Paul Reid came to Manchester Arena Monday night to pick up a friend who was working at the venue during an Ariana Grande concert. When he heard an explosion, he knew immediately it was a bomb, and he ran up a staircase in the direction of the noise.
Amid the chaos following the suicide bombing that killed 22 people and hospitalized 59, he spotted Saffie Rose Roussos, 8, on the floor. The little girl was drifting in and out of consciousness and was having trouble breathing, and her legs appeared to have been fractured.
“I asked her her name and I thought she said ‘Sophie,’ and I asked her age,” Reid tells PEOPLE. “Then I realized she was struggling to talk and she asked, ‘Where’s my mum?’ ”
Reid, a forklift operator from Walsall, stroked her face and comforted her.
“I said, ‘We’re going to find her in a minute,’ ” Reid says. “She asked me, ‘What’s happened?’ And I said, ‘I don’t know — but we’re going to get you some help.’ ”
He adds, “I kept on being like, ‘Sophie, come on. We are going to go now’ — trying to keep her talking, keep her awake.”
Soon, police arrived and Reid helped them take Saffie out on a makeshift stretcher.
Reid was determined to help anyone he could. When he spotted a paramedic tending to a man who was bleeding from his stomach, he offered to hold the bandage in place so the paramedic could help someone else.
“[I] started talking to the man and reassured him that help was coming,” Reid says. “He was from Liverpool and I asked him if he was an Everton or a Liverpool [soccer] fan. He said he was a Liverpool fan and I said, ‘I’ll stop and help you now!’ It was just to help him to get him talking. He had a smile to himself and I said we would watch some football.”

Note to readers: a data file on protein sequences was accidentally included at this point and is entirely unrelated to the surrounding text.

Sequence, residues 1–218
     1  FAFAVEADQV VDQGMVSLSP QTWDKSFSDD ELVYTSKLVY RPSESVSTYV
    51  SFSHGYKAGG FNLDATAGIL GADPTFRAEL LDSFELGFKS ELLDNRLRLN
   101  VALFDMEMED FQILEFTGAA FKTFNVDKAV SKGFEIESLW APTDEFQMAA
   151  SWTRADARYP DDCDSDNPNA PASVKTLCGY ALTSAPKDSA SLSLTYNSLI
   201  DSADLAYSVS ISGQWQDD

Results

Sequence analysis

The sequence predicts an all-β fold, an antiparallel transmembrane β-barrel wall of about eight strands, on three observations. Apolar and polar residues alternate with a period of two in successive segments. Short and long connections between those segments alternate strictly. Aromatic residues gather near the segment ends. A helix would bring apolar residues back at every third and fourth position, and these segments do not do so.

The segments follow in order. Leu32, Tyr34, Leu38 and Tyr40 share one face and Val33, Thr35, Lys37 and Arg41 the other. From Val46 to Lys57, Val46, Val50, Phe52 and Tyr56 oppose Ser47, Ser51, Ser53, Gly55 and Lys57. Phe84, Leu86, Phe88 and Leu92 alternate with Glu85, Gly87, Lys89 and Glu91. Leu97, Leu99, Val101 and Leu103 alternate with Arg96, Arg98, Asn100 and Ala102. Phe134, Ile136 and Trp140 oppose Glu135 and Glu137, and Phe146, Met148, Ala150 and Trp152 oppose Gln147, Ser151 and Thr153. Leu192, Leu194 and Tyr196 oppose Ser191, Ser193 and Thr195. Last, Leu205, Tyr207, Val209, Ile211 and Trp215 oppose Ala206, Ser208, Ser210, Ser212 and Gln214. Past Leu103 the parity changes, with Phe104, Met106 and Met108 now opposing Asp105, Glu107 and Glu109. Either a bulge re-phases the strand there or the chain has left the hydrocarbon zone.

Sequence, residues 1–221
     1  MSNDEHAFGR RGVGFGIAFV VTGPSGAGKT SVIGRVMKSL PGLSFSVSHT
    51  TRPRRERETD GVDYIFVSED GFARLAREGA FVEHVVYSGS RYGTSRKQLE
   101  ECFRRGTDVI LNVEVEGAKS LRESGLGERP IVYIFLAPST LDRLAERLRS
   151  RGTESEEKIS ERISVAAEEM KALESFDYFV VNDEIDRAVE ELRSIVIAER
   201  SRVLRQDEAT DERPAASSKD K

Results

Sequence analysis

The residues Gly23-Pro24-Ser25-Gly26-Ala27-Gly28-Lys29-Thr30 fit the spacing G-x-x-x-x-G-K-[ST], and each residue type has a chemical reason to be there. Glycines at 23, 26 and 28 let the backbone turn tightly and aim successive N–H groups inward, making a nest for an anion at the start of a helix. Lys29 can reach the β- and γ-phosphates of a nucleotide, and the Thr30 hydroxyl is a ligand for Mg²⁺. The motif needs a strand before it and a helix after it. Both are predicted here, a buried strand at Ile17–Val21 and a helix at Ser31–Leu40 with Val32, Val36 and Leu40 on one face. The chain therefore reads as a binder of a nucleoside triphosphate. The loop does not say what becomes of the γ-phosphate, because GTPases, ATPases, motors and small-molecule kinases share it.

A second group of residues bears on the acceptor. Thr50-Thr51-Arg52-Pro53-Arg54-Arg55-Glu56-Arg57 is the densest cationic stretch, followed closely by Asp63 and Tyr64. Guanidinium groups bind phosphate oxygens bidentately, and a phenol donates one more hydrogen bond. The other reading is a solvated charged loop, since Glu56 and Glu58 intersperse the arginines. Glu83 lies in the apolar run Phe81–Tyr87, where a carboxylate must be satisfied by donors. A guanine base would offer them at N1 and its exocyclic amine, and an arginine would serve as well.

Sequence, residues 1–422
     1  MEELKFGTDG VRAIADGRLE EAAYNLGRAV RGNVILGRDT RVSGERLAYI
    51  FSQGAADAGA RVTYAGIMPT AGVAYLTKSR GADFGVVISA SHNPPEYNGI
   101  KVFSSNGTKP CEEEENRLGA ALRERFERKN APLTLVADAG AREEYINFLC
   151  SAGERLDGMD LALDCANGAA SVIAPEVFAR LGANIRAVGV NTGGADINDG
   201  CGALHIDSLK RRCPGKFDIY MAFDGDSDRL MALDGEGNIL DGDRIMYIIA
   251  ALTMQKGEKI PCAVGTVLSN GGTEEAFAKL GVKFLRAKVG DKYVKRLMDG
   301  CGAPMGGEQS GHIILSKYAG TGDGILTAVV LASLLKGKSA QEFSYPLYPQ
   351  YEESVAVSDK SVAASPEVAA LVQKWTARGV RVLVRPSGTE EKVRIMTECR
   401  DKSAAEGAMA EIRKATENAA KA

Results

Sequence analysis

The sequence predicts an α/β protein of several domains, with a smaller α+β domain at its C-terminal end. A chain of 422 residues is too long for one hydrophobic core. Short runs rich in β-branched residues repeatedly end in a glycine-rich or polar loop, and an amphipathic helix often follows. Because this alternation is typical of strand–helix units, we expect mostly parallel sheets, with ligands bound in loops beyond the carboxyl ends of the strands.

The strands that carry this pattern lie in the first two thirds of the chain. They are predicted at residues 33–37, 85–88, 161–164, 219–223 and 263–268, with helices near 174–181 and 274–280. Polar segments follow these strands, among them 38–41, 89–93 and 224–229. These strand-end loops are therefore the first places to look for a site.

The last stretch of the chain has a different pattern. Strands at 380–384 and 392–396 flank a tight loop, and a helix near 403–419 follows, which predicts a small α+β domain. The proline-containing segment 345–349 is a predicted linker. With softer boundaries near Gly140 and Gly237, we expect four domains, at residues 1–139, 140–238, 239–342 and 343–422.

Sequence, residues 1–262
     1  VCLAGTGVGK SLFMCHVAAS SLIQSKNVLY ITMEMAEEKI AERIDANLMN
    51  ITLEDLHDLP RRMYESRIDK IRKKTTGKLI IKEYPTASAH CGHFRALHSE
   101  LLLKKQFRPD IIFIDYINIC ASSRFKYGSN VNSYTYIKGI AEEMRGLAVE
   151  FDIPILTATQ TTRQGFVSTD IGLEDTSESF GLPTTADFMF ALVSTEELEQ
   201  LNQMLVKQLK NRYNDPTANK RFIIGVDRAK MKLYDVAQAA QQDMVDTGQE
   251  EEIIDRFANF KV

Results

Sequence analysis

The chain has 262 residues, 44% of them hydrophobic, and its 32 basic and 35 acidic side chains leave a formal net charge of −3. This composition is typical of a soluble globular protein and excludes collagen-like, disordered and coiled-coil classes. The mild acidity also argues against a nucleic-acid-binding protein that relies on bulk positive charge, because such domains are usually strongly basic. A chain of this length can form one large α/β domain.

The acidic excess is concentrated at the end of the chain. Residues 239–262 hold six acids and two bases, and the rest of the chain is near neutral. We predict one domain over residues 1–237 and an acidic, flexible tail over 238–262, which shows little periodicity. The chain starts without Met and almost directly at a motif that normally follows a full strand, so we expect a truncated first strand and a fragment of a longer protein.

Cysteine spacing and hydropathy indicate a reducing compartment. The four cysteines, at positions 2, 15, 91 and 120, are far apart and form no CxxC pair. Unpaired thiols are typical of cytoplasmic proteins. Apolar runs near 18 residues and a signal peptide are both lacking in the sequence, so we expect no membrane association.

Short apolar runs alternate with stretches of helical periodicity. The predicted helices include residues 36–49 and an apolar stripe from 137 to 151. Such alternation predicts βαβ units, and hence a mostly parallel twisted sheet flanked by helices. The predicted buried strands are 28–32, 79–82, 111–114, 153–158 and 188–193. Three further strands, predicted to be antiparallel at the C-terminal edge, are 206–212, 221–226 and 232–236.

Over the course of the night, Reid estimates he carried six or seven people out of the arena. But he insists he is not a hero.
“If it happened again, I would run straight up those stairs again,” he says, adding that “I just knew it was a bomb. Because of the times we’re in, even if a car goes off, I think it’s a bomb.”
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Prior to his encounter with Saffie, Reid encountered a man with a laceration on his leg who was struggling to put it on. He also saw a teenaged girl on the floor, shaking.
“I was going to bend down [but] a woman said to me, ‘You’re too late for her. She’s gone,’ ” he says.
Reid finally got home to Walsall at about 4 a.m. He called the police and asked after Saffie, but was told it was too soon after the blast and that they didn’t know her fate.
“It was on the news later that morning that there was an 8-year-old girl involved. And I just knew,” he says. “Looking at all those people, she was the smallest one.”
He adds, “Since then I haven’t stopped crying. When I put her in that ambulance, she was alive and I thought I’d be seeing her again — and standing over her bed and telling her how much of a soldier she is. Trust me, there were big men in there screaming and crying, and she wasn’t doing anything like that. Not even crying.”
The past few days have been hard, he says.
“I’m trying,” he says. “I’m taking it day by day.”